Think about maintenance. Who is going to be responsible for modifications and changes? You know they are going to be needed. As good as you are, you won’t get everything right. Is better to quickly replicate a report multiple times and change the filters, or is it better to spend some extra time and use parameters and conditional code to have a single report server many purposes? Is it better to use platform specific outputs or is it better to use a “hybrid” solution and support every output format from a single build? Are the reports expected to be viable in 10-years or will they be redone in 10-weeks? Thinking through the maintenance needs will let you invest your time in the right areas

Think you are ready to build? Think again. Think through your tool sets capabilities and match them to you needs. Think through your users skills and match them to the tools. Think about your support team and let them know what you need. Think through your design and make sure it is viable.

Here’s to thinking better Business Intelligence throughout the year.

 

DevOps Considerations for Big Data

Big Data is on everyone’s mind these days. Creating an analytical environment involving Big Data technologies is exciting and complex. New technology, new ways of looking at the data which is otherwise remained dark or not available. The exciting part of implementing the Big Data solution is to make it a production ready solution.

Once the enterprise comes to rely on the solution, dealing with typical production issues is a must. Expanding the data lakes and creating multiple applications accessing, changing and deploying new statistical learning solutions can hit the overall platform performance. In the end-user experience and trust will become an issue if the environment is not managed properly. Models which used to run in minutes may turn into hours and days based on the data changes and algorithm changes deployed. bigdata_1Having the right DevOps process framework is important to the success of Big Data solutions.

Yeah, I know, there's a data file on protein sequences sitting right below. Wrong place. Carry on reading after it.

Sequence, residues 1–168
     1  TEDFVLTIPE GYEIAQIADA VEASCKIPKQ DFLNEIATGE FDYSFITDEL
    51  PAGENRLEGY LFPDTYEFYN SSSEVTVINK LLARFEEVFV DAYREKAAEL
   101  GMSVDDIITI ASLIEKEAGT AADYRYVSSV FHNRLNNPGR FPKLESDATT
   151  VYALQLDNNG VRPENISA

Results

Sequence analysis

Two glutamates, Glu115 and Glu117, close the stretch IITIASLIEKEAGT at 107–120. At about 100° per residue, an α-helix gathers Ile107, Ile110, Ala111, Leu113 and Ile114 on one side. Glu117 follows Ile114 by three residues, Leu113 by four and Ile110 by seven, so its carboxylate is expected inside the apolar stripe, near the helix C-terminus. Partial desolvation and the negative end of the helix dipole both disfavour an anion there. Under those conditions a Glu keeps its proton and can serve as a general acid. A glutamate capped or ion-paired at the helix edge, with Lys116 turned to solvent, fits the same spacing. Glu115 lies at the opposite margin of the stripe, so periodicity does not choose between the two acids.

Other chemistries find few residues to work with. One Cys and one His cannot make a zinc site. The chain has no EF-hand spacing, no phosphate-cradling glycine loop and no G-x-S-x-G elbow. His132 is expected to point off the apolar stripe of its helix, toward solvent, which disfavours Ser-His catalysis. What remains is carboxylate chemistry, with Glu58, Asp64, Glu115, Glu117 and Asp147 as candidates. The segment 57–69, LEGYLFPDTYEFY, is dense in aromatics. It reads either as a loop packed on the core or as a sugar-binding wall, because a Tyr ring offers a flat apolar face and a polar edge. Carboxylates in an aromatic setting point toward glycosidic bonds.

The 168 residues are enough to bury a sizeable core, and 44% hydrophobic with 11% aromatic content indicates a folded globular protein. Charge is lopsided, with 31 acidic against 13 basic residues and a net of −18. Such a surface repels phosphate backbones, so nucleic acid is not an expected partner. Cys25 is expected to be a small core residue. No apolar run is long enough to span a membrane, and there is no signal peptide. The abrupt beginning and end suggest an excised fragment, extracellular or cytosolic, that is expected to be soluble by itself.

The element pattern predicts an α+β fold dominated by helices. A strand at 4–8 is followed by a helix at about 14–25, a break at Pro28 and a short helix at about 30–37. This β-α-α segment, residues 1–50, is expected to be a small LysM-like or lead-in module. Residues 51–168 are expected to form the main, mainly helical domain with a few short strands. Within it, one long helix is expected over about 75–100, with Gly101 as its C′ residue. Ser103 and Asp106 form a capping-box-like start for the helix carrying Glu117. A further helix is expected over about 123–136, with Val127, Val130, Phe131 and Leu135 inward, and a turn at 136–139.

In many organizations the Data Scientist reports to the business and not to IT. Knowing the business and technological requirements and setting up the DevOps process is key to make the solutions production ready.

Key DevOps Measures for Big Data environment:

  • Data acquisition performance (ingestion to creating a useful data set)
  • Model execution performance (Analytics creation)
  • Modeling platform / Tool performance
  • Software change impacts (upgrades and patches)
  • Development to Production –  Deployment Performance (Application changes)
  • Service SLA Performance (incidents, outages)
  • Security robustness / compliance

 

One of the top key issue is Big Data security. How secured is the data and who has the access and the oversight of the data? Putting together a governance framework to manage the data is vital for the overall health and compliance of the Big Data solutions. Big Data is just getting the traction and much of best practices for Big Data DevOps scenarios yet to mature.

Cloud BI use cases